Eye For Film >> Movies >> Amazing Grace (2018) Film Review
Reviewed by: Jennie Kermode
In January 1972, Aretha Franklin was 29 years old and a megastar. She had recently scored top ten hits with Rock Steady, Day Dreaming and her version of Spanish Harlem, her albums were winning widespread acclaim and she had graced the cover of Time magazine. But Aretha had other concerns. She was grateful to God for her success, and to the Baptist community that had originally supported her. She wanted to make a live album that would taker her back to her gospel music roots and she wanted to record it in a church. Her record company agreed but also arranged for Sydney Pollack to go along and film it.
At the time, what resulted was in poor condition for cinema release. Franklin herself objected to it and Pollack admitted to major difficulties getting sound and image to match up, having laboured in conditions that, from his perspective, were less than ideal. As a result, it languished for five decades until technology emerged that enabled its syncing problems to be fixed. Careful editing fixed a lot of the remaining issues. The result is a curious hybrid that feels like a much more authentic picture of the real event than the raw material from which it was constructed.
Whatever it is, it's beautiful. Whilst the venue might not have been ideal for a filmmaker trying to work around a sound recording crew, and whilst the crowd need to be prompted to sound larger, it's wonderfully intimate. The closeness between star and audience is palpable. Pollack's camera wanders around as she sings, taking in facial expressions and, as the pace of the music picks up, a particular spontaneous way of leaping up in delight more often seen during sermons than polite concerts. Everyone there plainly ha a sense of the importance of the moment. Everyone has a role, if only to provide background noise, and takes it seriously, but those outbursts of delight are entirely natural.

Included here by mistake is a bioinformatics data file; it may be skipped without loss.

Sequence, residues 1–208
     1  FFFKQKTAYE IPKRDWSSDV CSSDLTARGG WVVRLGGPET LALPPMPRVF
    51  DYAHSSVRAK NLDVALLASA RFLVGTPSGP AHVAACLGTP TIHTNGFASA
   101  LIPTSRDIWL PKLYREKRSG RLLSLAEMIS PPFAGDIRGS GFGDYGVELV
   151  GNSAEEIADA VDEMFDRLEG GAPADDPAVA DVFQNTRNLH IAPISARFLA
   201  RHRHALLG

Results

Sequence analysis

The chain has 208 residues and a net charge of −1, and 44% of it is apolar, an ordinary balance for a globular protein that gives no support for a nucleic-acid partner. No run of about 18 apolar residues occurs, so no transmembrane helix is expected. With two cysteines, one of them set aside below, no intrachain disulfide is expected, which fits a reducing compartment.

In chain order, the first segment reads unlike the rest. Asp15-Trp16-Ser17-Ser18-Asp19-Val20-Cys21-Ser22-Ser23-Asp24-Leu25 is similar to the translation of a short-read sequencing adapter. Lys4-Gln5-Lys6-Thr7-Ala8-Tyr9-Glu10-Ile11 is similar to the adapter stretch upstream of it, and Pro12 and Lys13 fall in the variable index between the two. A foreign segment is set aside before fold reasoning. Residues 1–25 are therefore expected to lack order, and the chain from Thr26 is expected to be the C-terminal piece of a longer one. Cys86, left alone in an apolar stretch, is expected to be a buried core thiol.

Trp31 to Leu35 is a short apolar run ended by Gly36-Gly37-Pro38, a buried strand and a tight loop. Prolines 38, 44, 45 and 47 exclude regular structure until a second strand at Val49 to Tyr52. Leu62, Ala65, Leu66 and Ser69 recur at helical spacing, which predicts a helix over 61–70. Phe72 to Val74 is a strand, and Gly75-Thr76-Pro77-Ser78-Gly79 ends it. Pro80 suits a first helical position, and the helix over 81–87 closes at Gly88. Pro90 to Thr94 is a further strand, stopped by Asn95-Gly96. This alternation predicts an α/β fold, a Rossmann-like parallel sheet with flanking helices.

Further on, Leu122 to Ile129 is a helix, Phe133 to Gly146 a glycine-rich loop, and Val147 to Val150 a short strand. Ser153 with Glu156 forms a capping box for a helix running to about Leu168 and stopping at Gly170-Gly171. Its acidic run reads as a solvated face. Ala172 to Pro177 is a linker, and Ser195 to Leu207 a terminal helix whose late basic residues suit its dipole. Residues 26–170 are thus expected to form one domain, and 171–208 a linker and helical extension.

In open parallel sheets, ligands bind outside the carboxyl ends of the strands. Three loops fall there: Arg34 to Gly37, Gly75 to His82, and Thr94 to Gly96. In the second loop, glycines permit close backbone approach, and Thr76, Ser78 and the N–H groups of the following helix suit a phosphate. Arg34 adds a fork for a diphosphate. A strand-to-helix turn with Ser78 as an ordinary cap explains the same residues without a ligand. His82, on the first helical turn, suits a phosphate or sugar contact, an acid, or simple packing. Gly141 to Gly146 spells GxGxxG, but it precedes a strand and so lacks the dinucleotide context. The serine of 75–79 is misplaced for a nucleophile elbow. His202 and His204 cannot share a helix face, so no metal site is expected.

There is a great deal of joy in this film. One doesn't need to be religious to find something ineffable not just in the music itself but in the way it is expressed. The power of the film hinges on Aretha's relationship with her faith and one cannot help but think that if more Christians loved God with this intensity they would have no need to threaten Hellfire to try and keep people in line. It's easy to cleave to the passion on display, almost impossible to maintain emotional distance. In the close up shots we can see that the familiarity of these songs had not led Aretha to approach them merely as an act; as she begins to sing her expression becomes rapt. it is perhaps that sincerity, as much as her vocal range, that marked her out as a star.
Released less than a year after her death, this film is bound to stir up feelings of nostalgia. Appreciation of the singer's legacy has never been so great and it's a fine thing to have the opportunity to watch her at that pivotal point in her career, especially in a performance that was clearly very personal to her. Better still to have the opportunity to hear it through a cinema sound system, something few films make enough of. The rough edges of this film only add to its character, much as the roughness that crept into the singer's voice as she aged added a new kind of beauty to it. Here that voice is young and sweet but even in the gentlest songs its power comes through. It will lift your spirits.Reviewed on: 05 Apr 2019